harbour, wMch is easy of entrance, and 
safe at all seasons. It certainly is slightly 
ont of the route, but the advantages that 
would arise from making it the port of call 
far counterbalance the slight delay that 
might be occasioned by the change. But, 
somehow, all the world over, it takes a 
very long time to effect any improvement 
on what is. As far as my experience goes, 
I can endorse the saying of an eminent 
man — that we are not Conservative, but 
Chinese. It may be some consolation to 
think that all the world's the same. 

We went to the hotel on landing, which 
is a capital one. The proprietor fed us 
remarkably well, and I tasted here one of 
the greatest dainties imaginable. I unfor- 
tunately did not get the receipt, but I can 
state the chief ingredients : curried prawns, 
flavoured with cocoa-nut milk and dry 
champagne. It was capital. We took 


gharries, drawn by very fine little ponies, 
and drove up into the country, over ex- 
cellent roads. The scenery was very pretty, 
splendid trees overhanging the roads, and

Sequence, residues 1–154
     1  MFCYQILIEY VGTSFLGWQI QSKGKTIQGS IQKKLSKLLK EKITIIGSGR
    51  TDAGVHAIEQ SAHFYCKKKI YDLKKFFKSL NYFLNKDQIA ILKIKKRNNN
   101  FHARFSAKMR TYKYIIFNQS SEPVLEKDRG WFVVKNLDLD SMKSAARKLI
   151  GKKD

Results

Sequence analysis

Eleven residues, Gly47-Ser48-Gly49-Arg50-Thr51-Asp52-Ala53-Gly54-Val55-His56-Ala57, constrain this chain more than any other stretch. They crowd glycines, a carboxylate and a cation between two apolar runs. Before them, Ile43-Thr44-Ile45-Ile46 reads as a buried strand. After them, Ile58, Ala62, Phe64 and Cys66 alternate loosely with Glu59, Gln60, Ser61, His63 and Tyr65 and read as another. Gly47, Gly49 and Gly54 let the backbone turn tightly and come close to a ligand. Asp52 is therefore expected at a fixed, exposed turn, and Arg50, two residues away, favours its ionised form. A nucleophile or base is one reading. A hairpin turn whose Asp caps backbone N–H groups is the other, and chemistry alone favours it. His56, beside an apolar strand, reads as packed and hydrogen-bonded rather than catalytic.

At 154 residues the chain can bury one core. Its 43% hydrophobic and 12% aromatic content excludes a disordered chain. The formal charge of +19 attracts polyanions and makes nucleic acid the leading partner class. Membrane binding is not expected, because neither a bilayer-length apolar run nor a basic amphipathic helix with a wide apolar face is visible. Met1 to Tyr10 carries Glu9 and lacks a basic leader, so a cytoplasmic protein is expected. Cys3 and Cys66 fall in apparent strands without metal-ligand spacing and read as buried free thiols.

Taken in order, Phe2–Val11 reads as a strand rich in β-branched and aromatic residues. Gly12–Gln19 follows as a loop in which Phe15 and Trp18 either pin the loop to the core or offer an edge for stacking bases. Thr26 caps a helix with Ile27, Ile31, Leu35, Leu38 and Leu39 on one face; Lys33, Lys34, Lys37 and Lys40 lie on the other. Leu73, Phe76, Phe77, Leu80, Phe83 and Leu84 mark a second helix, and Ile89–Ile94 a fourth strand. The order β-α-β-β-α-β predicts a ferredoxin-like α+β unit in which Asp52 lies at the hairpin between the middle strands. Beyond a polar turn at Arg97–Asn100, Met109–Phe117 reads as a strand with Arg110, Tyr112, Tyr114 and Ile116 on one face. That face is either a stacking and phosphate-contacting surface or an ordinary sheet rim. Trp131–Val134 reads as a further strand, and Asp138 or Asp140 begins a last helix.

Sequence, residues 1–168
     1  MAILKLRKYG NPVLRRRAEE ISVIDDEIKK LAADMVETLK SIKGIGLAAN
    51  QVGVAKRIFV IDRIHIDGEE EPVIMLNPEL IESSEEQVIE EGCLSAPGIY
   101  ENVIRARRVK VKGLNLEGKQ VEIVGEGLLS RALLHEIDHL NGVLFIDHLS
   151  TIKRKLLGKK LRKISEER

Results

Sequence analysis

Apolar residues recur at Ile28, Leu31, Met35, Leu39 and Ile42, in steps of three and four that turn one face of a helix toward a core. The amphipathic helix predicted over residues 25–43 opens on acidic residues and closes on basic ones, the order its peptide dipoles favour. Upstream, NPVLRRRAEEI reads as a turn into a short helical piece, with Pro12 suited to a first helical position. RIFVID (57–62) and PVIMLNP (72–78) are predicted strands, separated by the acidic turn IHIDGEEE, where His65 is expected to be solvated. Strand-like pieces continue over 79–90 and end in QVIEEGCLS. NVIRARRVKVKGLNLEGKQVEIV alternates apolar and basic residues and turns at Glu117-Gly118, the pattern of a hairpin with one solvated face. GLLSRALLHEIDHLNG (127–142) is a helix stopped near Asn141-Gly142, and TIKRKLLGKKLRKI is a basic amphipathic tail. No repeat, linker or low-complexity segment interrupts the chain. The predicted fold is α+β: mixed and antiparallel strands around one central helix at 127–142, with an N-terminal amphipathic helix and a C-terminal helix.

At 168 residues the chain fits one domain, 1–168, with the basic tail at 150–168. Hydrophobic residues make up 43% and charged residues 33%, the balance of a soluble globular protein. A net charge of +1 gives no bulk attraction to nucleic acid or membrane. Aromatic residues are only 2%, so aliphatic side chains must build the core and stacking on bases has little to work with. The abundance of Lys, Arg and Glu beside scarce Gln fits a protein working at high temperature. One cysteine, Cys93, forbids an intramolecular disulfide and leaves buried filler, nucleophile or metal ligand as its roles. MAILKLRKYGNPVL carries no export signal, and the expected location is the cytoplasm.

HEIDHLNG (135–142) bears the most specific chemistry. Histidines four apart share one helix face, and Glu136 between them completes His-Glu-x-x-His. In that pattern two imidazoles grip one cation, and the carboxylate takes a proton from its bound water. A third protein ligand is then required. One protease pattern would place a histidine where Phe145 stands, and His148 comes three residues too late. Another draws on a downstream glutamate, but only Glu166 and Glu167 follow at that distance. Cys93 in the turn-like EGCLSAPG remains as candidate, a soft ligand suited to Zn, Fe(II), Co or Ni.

forming a perfect archway. Through the 
vistas of the wood we could see native huts 
— to all appearance clean and comfortable 
— and now and then a small temple, with 
the native gods. These were chiefly re- 
markable for the tasty manner in which 
they were decorated with flowers. We 
drove also to see the cinnamon gardens, 
which were some miles inland. The only 
drawback that I could see was the quantity 
of beggars who, as everywhere else in 
the East, pestered us for alms. We drove 
back to our hotel, where a crowd of Parsee 
merchants had assembled to receive us, 
exhibiting their wares, and demanding fancy 
and most exorbitant prices for everything. 
We were taken by a back way to see their 


shops and all their treasures. They offered 
us sapphires, rubies, pearls, etc. ; but though 
we were fully awake to their tricks, we found 
it difficult to resist their cajoling arts when we 
had put ourselves into their den. For a ring 
for which they demanded JC50, they accepted 
£5. Of course the majority of these fellows 
are arrant swindlers, palming off pieces of